I am using the Windows Binary version on my Windows NT machine(s). Upon startup, I always get the warning message "No support for OpenGL 2.0 found! ...". But I am still using openSCAD and it seems to work OK, although it is slow for my most complex renderings. I found that my graphics hardware is "Intel 829456 Express Chipset Family". Looking at the Intel drivers, I find that the latest one only adds OpenGL 1.5 capability. So it looks like I am out of luck as far as upgrading to OpenGL 2.0. Have I no other options, other than finding or buying a different machine? Are there other advantages to using OpenGL 2.0, other than speed? I don't see much on this issue in the manual. On an unrealated issue, I tried the "multmatrix" transformation and it doesn't appear to be working. Is there an example of the use of this transformation? Why a 4x4 matrix and not 3x3? Thanks in advance for any help anyone can give!! George 
Hello,
On Thu, Jan 14, 2010 at 11:12:25PM +0000, [hidden email] wrote: > [...] So it looks like I am out of luck as far > as upgrading to OpenGL 2.0. Have I no other options, other than > finding or buying a different machine? > Are there other advantages to using OpenGL 2.0, other than speed? I > don't see much on this issue in the manual. unfortunately the manual does not cover the user interface atm.. when you have OpenGL 2.0 there is the "OpenCSG" [1] view mode where you can view your model instantanously without building it using CGAL. without OpenGL 2.0 there is only the "Thrown together" mode in which the CSG operations (difference, intersection) are not performed but instead all bodies are fully drawn. With OpenGL 2.0 it becomes much easier to make complex designs because the test cycles are much shorter. > On an unrealated issue, I tried the "multmatrix" transformation and it > doesn't appear to be working. Is there an example of the use of this > transformation? Why a 4x4 matrix and not 3x3? > Thanks in advance for any help anyone can give!! as to why it is a 4x4 instead of a 3x3 matrix I'd like to refer you to any better OpenGL introduction. maybe you got the syntax for multmatrix() wrong. The following example translates the child objects along the vector [10, 20, 30]: multmatrix([ [1, 0, 0, 10], [0, 1, 0, 20], [0, 0, 1, 30], [0, 0, 0, 1]]) However: usually one does not need to use multmatrix() directly but use a combination of the other transform statements translate(), scale() and rotate() instead. yours,  clifford  If Python is executable pseudocode, then perl is executable line noise.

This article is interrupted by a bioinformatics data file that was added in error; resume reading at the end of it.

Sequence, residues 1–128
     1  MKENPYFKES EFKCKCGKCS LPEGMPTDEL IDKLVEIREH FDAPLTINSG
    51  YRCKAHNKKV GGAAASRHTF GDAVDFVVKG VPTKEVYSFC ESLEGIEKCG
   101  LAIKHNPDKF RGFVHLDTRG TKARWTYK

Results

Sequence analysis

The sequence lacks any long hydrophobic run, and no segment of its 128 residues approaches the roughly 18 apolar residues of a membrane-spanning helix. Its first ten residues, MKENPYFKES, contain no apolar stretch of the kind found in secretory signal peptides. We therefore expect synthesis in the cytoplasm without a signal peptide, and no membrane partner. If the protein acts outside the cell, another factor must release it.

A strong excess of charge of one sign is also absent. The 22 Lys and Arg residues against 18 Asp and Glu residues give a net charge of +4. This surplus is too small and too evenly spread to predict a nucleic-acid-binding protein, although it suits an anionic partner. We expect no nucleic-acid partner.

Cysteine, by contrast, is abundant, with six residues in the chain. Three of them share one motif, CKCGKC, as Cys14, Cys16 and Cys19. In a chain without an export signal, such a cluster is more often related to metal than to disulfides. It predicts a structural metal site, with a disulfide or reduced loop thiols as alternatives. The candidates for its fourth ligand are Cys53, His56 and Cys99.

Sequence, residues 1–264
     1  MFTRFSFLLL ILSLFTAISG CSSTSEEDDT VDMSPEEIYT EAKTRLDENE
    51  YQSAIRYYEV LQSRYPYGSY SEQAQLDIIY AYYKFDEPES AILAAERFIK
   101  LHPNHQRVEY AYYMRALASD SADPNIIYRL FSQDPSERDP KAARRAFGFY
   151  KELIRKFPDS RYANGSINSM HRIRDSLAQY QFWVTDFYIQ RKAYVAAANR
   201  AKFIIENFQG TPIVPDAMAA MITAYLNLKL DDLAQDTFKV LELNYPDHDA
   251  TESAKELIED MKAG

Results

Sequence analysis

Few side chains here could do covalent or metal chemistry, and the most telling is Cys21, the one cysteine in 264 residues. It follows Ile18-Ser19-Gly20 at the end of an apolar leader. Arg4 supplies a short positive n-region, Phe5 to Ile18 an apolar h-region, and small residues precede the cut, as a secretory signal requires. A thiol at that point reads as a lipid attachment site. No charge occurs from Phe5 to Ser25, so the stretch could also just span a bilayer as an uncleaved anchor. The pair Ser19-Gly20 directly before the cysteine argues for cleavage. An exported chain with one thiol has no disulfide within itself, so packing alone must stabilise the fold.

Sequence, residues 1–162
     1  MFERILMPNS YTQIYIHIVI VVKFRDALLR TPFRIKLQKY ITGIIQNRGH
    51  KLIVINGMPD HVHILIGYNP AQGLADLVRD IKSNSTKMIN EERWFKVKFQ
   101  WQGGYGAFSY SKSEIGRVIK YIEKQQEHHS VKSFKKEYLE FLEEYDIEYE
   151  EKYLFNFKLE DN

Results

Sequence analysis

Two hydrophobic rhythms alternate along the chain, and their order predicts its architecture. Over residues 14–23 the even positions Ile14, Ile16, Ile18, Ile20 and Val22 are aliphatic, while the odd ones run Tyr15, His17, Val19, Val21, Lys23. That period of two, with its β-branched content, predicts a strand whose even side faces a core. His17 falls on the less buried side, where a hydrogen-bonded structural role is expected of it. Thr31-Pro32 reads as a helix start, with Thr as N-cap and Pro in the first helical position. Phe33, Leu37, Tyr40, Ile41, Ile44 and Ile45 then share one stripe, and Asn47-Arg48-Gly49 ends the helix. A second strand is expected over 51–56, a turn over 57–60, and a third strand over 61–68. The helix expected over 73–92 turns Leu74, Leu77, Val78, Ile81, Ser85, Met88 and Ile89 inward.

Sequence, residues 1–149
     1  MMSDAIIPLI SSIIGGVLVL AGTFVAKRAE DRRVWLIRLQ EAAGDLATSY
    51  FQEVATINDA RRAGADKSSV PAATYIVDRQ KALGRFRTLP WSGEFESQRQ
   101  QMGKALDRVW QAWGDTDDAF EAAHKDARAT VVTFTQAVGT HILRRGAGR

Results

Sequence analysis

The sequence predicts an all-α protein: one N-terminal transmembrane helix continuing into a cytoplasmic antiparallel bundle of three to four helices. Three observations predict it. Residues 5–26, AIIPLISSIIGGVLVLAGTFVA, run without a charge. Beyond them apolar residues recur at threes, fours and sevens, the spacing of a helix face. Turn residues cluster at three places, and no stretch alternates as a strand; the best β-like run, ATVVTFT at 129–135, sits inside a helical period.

In reply to this post by gibell
Thanks for the quick response, Clifford! > > On an unrelated issue, I tried the "multmatrix" transformation > > and it doesn't appear to be working. Is there an example of the > > use of this transformation? Why a 4x4 matrix and not 3x3? > > Thanks in advance for any help anyone can give!! > > > maybe you got the syntax for multmatrix() wrong. The following example > translates the child objects along the vector [10, 20, 30]: > > multmatrix([ > [1, 0, 0, 10], > [0, 1, 0, 20], > [0, 0, 1, 30], > [0, 0, 0, 1]]) The online manual says the syntax is ... multmatrix(v = [ ... ]) {} but this fails for me. Does your example compile, or is supposed to be multmatrix(m = [ ... ]) {} > However: usually one does not need to use multmatrix() directly > but use a combination of the other transform statements translate(), > scale() and rotate() instead. Agreed. I wanted to do a rotation about an arbitrary axis, but this can be accomplished using translate, rotate, and translate. Regarding polyhedrons. Must all the faces be triangles? I made a polyhedron where all the faces have 4 sides, and I entered it as "Triangles=[[0,1,2,3],[0,4,3,2], ...]]" which works fine (so far). But if I create a polyhedron where some faces have 3 sides and some 4, it tends to crash. It would be nice if there was a check for this if they are all supposed to be triangles, or all the same number of sides. Thanks! George 
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On Jan 15, 2010, at 18:15 , [hidden email] wrote:
> The online manual says the syntax is ... > multmatrix(v = [ ... ]) {} > but this fails for me. Does your example compile, or is supposed to > be > multmatrix(m = [ ... ]) {} > The online manual was wrong; the correct syntax is with the 'm' argument. I've updated the manual with an example. > Regarding polyhedrons. Must all the faces be triangles? No, they can be any number of vertices, also mixed. See example011.scad for an example. If you get a crash, please submit an example model and we'll look into it. ~/= Marius  We are Elektropeople for a better living. 
In reply to this post by gibell